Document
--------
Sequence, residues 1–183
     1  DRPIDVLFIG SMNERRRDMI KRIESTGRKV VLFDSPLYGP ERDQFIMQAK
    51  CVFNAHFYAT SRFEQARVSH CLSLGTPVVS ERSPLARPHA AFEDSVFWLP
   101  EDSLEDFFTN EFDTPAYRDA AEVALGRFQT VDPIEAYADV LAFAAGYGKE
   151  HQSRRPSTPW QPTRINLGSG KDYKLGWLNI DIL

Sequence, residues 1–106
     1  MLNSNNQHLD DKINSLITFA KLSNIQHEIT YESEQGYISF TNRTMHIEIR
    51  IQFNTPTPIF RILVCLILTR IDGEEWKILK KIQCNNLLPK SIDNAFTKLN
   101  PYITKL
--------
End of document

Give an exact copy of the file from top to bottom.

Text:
Sequence, residues 1–183
     1  DRPIDVLFIG SMNERRRDMI KRIESTGRKV VLFDSPLYGP ERDQFIMQAK
    51  CVFNAHFYAT SRFEQARVSH CLSLGTPVVS ERSPLARPHA AFEDSVFWLP
   101  EDSLEDFFTN EFDTPAYRDA AEVALGRFQT VDPIEAYADV LAFAAGYGKE
   151  HQSRRPSTPW QPTRINLGSG KDYKLGWLNI DIL

Sequence, residues 1–106
     1  MLNSNNQHLD DKINSLITFA KLSNIQHEIT YESEQGYISF TNRTMHIEIR
    51  IQFNTPTPIF RILVCLILTR IDGEEWKILK KIQCNNLLPK SIDNAFTKLN
   101  PYITKL